The public must have a role in forming any UK research missions

If the point of missions is to win taxpayers’ support for an increased science budget, accountability will be vital, says Harry Farmer

October 21, 2019

The past couple of weeks have provided some interesting new clues as to the Johnson government’s vision for UK research and development.

As well as upholding the previous administration’s targets to increase R&D to 2.4 per cent of GDP by 2027, the government is planning a major overhaul of how the extra money will be allocated.

The briefing document for last week’s Queen’s Speech spoke about “a new approach to funding emerging fields of research and technology…to support visionary scientific, engineering, and technology missions”, including the creation of a UK equivalent of the US Advanced Research Projects Agency.

The previous week, universities and science minister Chris Skidmore hinted at plans to create a five-year research funding framework, centred around “strategic missions” and taking in all R&D spending currently funded by the Department for Business, Energy and Industrial Strategy: an arrangement that would loosely resemble the European Union’s Horizon 2020 programme. 

While plenty remains unclear, the signs point to a major shift in thinking about how best to fund and nurture innovation, from the more laissez-faire attitude of 10 years ago towards what looks like a decidedly interventionist, goal-orientated strategy.

On the face of it, this is welcome – and testament to a growing realisation that innovation does not automatically bring public benefit in the absence of careful guidance around societal priorities and distributional outcomes. But big questions remain about balance and accountability under the new system.

The recent announcements could be read as the government’s attempt to “take back control” of R&D spending from a complex network of public bodies. If so, the government needs to lay out just who it intends to hand this control to, and how they will be held accountable. Above all, it will need to demonstrate how it will avoid giving a small group of ministers and civil servants a blank cheque to shape how all new R&D money is distributed.

One of the government’s main justifications for the move to a mission-oriented approach is apparently to secure public buy-in for increased R&D spending – on the basis that the public need to understand what they are getting for their money. But while this is true, it is only half the picture. Public acceptance also hinges on broad agreement that those objectives are priorities.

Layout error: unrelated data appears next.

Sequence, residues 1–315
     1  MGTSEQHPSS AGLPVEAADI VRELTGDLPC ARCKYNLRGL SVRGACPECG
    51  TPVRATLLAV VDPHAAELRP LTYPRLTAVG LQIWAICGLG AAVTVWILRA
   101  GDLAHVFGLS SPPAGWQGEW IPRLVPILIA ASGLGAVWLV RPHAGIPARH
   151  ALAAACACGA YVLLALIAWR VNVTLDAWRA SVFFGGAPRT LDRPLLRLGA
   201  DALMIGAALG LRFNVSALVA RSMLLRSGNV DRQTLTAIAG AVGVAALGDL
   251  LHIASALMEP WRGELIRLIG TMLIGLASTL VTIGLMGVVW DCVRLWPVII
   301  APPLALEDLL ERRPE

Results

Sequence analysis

In the short term, therefore, ministers will need to commit to far more than consulting on a Green Paper on the proposals. There is a pressing need for early, meaningful public engagement on how the new system would work: what criteria will be used to choose missions, how the public will be able to influence the decisions, and how balance and accountability will be ensured. Luckily, there is an increasingly wide and sophisticated array of deliberative techniques that could be used for this purpose.

In the longer term, the government needs to be prepared to act on the results of these early engagement exercises, building in mechanisms to give the public a real and ongoing say in how R&D money is spent. A longstanding problem is the UK's tendency to direct money disproportionately to existing success stories – prioritising expected return on investment over the longer-term need to redress regional or sectoral inequality. It is easy to imagine how a heavily mission-oriented approach to R&D funding might exacerbate these problems should the missions be chosen or framed without sufficient care.

A set of missions disproportionately framed around technological challenges, for instance, could lead to money being directed almost exclusively towards advanced scientific facilities in London, Oxford and Cambridge. It’s also easy to imagine how ministers and civil servants, if left to their own devices, might end up choosing such challenges. UK Research and Innovation’s Industrial Strategy Challenge Fund provides a good example of the tendency to frame challenges around technology sectors where the UK happens to be a world leader. Clear accountability to the public will be a vital counterbalance to this phenomenon.

Otherwise, while the transition to mission-led R&D funding may improve technological and financial outcomes, it won’t improve enough lives to be politically sustainable.

Harry Farmer is senior policy adviser on inclusive innovation at Nesta, the innovation foundation.


Print headline: Accountability is vital

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